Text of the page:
The Owen/Cox Dance Group’s interpretation of ancient Jewish folklore is a thoroughly charming mix of elegant dancing, an exciting original score and a dash of bold theatricality.
“The Golem,” produced by the dance company in collaboration with the Hyman Brand Hebrew Academy and Paul Mesner Puppets, evokes a distant past but feels utterly contemporary.
Choreographer Jennifer Owen constructs a series of evocative dances to illustrate the story of a rabbi who creates a golem — a creature made from clay and brought to life by supernatural powers — to protect his people after accusations that Jews use the blood of Christians to make matzo for Passover.
The tale is a prototype to many cautionary stories that came later.
The rabbi is danced by the charismatic Christopher Barksdale, who probably moves with stunning grace even as he stumbles to the coffeemaker in the morning. He performers opposite Andrew Taft as Thaddeus, the trouble-making villain of the piece, who performs the most difficult choreography in the show and uses an actor’s instincts to create a distinct and memorable character.
The show is at its whimsical best when the rabbi teaches the 12-foot-tall golem (a marvelous piece of puppetry from the Mesner studio) how to dance. The puppet is manipulated by two dancers — Jered Solace and Christopher Dunn, according to the program — and is uncannily human in his responses despite immobile facial features. The blinking eyes help.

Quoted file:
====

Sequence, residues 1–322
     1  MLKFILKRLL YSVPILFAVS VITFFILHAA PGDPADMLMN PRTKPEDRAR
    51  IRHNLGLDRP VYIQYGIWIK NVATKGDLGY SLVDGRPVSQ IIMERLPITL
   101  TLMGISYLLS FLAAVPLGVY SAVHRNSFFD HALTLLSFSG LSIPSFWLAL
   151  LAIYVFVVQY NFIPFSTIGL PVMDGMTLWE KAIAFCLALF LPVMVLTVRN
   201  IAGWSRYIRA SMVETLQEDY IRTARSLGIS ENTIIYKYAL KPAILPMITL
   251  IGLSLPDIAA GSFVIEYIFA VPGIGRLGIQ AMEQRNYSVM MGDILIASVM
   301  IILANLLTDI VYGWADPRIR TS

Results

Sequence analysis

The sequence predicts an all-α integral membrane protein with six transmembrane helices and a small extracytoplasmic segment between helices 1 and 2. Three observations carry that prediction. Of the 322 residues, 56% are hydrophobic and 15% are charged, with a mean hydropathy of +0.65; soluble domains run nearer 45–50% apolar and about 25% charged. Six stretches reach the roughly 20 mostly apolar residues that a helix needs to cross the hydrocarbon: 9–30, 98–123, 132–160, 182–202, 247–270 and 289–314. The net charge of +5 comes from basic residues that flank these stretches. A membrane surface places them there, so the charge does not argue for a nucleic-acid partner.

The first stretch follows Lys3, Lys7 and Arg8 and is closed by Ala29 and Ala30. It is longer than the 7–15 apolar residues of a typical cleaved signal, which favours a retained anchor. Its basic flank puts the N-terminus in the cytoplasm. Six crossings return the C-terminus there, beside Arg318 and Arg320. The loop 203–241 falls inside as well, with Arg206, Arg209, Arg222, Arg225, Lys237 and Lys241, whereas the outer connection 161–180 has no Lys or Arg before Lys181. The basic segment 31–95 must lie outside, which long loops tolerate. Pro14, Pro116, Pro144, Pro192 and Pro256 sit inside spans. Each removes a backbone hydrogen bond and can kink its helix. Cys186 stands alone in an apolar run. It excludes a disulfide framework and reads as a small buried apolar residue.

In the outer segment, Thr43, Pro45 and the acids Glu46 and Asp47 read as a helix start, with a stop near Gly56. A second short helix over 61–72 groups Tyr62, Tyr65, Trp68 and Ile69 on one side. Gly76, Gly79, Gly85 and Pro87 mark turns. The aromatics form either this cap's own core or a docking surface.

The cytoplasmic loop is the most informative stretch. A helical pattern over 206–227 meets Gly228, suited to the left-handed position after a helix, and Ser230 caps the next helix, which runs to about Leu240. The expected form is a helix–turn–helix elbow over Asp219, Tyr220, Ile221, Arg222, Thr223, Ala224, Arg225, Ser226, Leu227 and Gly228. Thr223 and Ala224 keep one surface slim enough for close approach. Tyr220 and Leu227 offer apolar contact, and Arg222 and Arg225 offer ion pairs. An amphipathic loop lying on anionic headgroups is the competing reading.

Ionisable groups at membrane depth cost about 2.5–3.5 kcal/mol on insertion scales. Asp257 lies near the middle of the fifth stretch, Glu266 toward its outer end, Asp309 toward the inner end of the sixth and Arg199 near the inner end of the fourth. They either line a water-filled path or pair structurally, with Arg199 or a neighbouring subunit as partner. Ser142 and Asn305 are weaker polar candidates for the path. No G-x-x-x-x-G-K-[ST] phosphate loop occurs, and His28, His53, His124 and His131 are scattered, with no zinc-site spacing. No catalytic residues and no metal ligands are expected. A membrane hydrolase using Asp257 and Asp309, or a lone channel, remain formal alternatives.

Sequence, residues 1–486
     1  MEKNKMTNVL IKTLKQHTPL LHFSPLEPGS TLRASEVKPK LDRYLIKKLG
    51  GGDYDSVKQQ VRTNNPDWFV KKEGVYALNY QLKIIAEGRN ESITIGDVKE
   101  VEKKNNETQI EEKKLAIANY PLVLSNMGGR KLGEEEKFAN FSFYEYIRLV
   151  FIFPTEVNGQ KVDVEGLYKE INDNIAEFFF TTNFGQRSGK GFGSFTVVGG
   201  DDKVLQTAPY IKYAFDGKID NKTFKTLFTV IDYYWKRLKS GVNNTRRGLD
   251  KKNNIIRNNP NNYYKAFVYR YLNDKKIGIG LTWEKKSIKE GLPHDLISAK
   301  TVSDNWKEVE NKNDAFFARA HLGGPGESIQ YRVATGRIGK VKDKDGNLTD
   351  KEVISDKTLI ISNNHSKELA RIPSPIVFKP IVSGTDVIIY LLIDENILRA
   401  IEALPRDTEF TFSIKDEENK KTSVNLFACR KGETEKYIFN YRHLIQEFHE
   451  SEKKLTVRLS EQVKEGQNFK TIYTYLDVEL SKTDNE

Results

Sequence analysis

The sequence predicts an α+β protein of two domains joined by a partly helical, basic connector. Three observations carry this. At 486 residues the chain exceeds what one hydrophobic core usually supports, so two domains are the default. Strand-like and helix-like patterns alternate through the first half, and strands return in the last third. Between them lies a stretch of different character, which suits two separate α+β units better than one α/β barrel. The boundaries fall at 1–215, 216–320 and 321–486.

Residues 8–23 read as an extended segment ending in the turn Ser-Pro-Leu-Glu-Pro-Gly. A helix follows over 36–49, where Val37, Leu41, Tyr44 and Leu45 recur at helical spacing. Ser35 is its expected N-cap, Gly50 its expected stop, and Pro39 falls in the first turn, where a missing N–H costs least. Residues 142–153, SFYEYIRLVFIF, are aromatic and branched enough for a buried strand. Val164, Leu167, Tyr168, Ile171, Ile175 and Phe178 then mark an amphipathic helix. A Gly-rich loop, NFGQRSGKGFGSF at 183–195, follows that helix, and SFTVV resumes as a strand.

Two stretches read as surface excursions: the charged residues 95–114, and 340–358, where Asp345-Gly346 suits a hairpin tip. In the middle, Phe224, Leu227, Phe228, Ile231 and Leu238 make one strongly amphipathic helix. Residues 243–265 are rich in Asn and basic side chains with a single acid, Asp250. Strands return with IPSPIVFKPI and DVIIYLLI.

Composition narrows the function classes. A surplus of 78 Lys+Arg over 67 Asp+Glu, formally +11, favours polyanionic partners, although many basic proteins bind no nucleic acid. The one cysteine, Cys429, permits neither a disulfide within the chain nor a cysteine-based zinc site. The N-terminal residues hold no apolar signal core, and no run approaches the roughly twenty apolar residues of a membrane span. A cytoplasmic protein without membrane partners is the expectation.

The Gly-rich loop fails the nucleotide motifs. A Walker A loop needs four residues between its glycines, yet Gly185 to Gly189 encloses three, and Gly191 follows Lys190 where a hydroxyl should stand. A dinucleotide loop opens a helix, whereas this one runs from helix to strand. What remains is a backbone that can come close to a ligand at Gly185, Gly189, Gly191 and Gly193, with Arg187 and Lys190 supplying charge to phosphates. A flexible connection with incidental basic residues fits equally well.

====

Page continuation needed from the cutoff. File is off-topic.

Thaddeus kidnaps a young woman, danced by Lisa Thorn, but his evil intentions are ultimately revealed by the golem. In some versions of the tale, the golem becomes an uncontrollable figure bent on destruction. Here, he’s a benevolent entity who is put to rest after completing his task.
The ensemble dancers are quite good and the production is enhanced by Nate Fors’ simple but effective scenic design, Peggy Noland’s costumes and Lauren Libretti’s lighting.
The piece, which was performed twice over the weekend, is broken into two acts — the intermission gives the dancers a chance to catch their breath — but the actual performance time is only about an hour. And in the theater, economical storytelling is always welcome.